Chicken Soup with Kreplach

Tender dumplings in golden chicken broth are the cure for whatever ails you.

The Backstory: Kreplach, those delicious dumplings that bathe in our worshiped chicken soup, are one of the pillars of Jewish soul food. These meat filled pouches are also found in many different cultures around the globe and are just as treasured by others.  In Chinese culture, kreplach are known as wontons and are served in delicate soups or sometimes pan or stir-fried or eaten as a crispy snack. In Italian cooking, ravioli can be filled with meat, cheeses or combinations of spinach and cheese, (or many other delicious cheese, meat and vegetable combinations) and served with savory sauces, which are of course, fabulous for mopping up with crusty Italian bread. More of the Backstory after the recipe

chicken soup with kreplach

These delicious filled dumplings are tasty and a little chewy. When boiled, they are pale in color. Fried, they take on a golden hue. Either way they are delicious in soup or as a snack unto themselves.
Course Soup
Cuisine Jewish
Prep Time 1 hour
Cook Time 2 hours
Total Time 2 hours 2 minutes
Servings 6 servings


For the Kreplach

  • 3 eggs divided 2 for the dough, 1 for the filling
  • 2 cups flour
  • 1/4+ cup water
  • 1 tsp. Kosher salt, divided
  • 1/4 tsp. black pepper
  • 1 tbsp. chicken fat or oil
  • 1/2 lb. Kosher ground beef or brisket meat, chopped very fine.
  • 1 small white onion, chopped very fine

For the Chicken Soup

  • 4 quarts water
  • 1 large Kosher chicken
  • 1 large leek, trimmed and washed throughly
  • 1 medium onion, peeled and cut in half
  • 2 large carrots, peeled and cut in half
  • 1/2 bunch, curly parsley
  • 1/2 bunch dill
  • 1 turnip, peeled
  • 1 parsnip, peeled
  • 1 stalk celery, cut into 1 inch pieces
  • 1 tbsp. Kosher salt to taste
  • 1/2 tsp. black pepper to taste


Make the Kreplach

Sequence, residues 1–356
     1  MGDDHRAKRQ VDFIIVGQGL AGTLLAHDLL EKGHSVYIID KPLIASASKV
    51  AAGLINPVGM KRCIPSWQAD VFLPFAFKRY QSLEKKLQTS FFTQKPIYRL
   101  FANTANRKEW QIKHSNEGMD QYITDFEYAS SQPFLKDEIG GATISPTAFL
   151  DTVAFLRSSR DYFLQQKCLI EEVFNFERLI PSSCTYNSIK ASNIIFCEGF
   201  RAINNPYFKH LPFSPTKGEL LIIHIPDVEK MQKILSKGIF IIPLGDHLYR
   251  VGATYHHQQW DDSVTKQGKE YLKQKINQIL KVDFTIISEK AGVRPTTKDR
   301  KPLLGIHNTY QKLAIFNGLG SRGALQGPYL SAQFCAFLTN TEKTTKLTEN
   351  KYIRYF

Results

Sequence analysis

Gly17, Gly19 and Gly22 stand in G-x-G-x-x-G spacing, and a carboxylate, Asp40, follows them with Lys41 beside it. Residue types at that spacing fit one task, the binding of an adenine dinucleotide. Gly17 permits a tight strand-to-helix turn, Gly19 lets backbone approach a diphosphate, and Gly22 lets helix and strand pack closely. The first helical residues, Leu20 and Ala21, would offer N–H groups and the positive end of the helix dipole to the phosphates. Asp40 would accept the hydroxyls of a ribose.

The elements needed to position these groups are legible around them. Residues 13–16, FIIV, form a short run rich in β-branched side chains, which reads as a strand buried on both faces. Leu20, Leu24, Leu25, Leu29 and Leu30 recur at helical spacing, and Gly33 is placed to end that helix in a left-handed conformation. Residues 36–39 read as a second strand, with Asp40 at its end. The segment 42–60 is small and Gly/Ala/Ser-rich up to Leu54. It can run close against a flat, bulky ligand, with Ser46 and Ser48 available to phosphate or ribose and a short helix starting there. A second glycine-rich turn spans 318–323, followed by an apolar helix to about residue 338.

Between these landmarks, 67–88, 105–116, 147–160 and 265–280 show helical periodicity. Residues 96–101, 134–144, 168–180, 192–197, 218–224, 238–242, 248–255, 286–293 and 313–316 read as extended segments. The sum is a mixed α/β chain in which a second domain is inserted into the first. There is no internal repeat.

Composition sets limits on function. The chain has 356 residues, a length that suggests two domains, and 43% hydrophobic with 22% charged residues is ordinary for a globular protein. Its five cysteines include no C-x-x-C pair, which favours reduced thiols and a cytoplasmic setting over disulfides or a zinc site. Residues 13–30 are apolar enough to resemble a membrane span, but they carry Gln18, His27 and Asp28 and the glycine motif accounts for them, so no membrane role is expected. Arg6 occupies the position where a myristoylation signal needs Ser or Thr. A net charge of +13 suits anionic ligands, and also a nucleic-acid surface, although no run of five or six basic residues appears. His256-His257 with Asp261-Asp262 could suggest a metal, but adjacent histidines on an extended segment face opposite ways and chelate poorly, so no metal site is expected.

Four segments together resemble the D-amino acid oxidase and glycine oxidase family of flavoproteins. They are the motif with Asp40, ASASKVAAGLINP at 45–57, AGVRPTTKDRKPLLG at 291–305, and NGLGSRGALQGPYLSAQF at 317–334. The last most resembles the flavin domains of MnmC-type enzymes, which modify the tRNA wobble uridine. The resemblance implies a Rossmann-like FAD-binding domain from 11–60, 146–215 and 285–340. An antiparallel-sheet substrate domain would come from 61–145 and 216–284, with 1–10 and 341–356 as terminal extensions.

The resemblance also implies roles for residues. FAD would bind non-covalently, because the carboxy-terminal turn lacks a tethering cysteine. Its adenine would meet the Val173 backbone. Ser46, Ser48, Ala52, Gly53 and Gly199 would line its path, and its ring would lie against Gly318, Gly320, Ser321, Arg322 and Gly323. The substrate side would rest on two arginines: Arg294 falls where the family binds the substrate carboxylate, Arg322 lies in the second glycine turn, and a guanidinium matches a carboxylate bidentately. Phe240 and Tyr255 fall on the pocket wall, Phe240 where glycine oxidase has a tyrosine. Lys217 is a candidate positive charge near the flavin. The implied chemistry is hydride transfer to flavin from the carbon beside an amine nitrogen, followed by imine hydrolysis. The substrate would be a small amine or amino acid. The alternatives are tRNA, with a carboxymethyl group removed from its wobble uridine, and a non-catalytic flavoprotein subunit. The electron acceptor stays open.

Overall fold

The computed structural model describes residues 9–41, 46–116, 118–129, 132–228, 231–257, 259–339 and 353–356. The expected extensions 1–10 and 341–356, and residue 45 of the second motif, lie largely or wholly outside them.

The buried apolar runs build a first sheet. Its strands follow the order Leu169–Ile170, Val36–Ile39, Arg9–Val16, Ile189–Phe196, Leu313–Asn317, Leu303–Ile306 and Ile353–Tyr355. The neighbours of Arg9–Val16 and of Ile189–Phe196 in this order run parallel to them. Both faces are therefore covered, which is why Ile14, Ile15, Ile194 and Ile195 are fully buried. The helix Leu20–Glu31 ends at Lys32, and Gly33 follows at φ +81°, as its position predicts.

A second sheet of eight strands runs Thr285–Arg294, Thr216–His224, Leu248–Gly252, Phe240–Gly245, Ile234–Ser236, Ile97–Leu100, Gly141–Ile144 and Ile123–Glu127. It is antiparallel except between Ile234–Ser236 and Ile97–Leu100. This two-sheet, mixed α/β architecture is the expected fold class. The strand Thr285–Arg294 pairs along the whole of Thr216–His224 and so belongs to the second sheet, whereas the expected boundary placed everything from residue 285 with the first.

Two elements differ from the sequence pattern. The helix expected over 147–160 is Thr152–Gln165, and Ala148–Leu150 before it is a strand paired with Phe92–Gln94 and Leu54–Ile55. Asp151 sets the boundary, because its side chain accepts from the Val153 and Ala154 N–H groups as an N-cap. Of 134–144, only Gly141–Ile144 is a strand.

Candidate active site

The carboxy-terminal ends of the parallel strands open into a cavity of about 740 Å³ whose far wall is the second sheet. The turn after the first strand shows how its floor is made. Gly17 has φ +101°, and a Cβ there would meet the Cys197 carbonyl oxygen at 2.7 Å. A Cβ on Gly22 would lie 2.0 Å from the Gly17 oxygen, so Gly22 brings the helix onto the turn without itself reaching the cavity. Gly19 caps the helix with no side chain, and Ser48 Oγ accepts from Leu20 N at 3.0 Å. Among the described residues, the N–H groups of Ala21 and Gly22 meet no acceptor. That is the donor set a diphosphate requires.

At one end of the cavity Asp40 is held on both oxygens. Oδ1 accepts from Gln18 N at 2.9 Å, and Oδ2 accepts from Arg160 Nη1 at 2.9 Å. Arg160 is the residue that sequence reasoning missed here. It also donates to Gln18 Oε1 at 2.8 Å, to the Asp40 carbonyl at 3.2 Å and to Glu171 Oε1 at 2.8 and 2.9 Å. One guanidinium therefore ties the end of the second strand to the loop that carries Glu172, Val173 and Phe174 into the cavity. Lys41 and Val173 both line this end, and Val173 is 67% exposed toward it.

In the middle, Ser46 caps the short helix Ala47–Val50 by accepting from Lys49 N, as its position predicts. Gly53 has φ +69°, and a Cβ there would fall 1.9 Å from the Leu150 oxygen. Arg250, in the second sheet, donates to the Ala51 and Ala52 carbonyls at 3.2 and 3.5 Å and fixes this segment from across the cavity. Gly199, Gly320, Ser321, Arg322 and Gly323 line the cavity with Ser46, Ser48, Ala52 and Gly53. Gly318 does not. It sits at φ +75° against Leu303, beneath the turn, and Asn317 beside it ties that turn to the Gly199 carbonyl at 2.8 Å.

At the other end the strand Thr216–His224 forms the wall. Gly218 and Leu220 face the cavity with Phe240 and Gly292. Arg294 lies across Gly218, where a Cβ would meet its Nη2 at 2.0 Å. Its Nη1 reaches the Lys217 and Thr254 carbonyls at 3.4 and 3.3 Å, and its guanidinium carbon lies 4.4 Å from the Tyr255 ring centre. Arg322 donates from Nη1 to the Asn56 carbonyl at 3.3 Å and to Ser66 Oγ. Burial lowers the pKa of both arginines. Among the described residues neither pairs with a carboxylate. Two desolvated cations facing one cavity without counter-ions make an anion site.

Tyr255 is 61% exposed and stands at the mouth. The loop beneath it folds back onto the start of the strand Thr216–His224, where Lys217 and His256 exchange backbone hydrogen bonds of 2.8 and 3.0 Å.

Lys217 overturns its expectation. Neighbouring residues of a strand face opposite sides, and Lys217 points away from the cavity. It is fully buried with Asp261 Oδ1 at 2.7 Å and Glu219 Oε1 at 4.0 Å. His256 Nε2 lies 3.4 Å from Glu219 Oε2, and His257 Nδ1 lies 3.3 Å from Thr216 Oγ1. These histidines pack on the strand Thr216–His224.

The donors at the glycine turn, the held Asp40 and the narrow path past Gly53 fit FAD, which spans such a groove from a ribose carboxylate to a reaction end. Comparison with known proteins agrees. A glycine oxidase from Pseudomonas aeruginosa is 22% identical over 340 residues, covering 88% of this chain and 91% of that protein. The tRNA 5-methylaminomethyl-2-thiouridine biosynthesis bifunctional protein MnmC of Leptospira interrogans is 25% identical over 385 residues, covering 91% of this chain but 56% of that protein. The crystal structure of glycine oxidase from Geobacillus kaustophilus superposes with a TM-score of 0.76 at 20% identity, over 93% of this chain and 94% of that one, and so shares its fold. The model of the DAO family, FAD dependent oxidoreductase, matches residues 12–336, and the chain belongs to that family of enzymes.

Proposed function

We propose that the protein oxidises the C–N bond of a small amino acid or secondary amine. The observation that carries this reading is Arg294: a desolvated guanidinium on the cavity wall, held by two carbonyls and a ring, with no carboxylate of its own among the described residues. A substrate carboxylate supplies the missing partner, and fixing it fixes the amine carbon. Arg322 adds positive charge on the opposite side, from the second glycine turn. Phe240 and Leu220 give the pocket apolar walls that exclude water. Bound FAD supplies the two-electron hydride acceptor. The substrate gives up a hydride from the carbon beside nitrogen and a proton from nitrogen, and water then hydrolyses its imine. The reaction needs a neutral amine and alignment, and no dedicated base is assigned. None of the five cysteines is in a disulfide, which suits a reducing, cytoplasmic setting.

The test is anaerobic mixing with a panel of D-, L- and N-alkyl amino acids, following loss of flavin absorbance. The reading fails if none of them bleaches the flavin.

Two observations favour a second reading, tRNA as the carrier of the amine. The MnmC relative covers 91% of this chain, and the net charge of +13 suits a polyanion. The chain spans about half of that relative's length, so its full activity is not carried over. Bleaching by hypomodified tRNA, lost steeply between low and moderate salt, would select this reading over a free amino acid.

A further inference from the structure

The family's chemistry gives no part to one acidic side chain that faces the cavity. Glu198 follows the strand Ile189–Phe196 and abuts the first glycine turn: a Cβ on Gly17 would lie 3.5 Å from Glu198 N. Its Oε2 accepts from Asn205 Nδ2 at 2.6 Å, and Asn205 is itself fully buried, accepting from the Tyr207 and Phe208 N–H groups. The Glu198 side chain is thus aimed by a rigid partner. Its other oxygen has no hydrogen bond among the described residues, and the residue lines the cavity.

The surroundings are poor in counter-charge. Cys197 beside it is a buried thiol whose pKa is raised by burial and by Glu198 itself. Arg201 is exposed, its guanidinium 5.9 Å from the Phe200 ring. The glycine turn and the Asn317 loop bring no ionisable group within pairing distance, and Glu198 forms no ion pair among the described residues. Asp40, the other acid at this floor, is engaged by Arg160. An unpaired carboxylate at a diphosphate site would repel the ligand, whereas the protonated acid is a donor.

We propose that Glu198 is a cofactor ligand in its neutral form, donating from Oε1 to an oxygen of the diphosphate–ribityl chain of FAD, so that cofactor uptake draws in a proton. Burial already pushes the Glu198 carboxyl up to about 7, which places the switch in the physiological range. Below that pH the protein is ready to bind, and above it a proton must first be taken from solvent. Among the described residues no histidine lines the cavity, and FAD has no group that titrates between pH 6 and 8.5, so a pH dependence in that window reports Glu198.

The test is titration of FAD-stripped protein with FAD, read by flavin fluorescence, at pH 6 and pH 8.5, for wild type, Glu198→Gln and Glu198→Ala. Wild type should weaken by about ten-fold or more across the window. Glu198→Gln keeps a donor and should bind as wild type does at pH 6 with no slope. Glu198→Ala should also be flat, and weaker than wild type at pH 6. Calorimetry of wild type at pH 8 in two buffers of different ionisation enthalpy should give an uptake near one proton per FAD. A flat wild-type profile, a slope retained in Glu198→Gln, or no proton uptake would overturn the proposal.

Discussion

1. In a large bowl, lightly beat 2 eggs and add 1/2 tsp. salt and 1/4 cup water. Slowly add the flour and mix gently, kneading as you go. Dough should be smooth, but not too dry. Add a little water if needed. Let rest in bowl, uncovered, for 30 minutes. While the dough is resting prepare the filling.
  2. If using cooked brisket, just fill the dough with 1 tbsp. of brisket. Fold over the shape and press the edges down. If using uncooked brisket or uncooked ground beef, do the following: Heat chicken fat (or oil) in a large skillet and add the onions, 1/2 tsp. salt, and pepper. In a medium bowl, mix the beef with the egg and add to the skillet. Cook until meat is fully cooked. Let the meat mixture cool before filling the dough.
  3. On a floured board, roll out the dough. Cut into 3 inch squares or circles, using a drinking glass or biscuit cutter, or cut into triangles. Fill each shape with 1 tbsp. of the meat mixture and cover each by pulling the dough over the filling and pressing down on the edges.
  4. After filling the dough, let the kreplach dry on a plate or paper towels for about 1 hour. Boil water and add a little salt. Add the kreplach and cook for 15 to 20 minutes. When finished cooking, these can be added to soup or fried in vegetable oil to a golden color.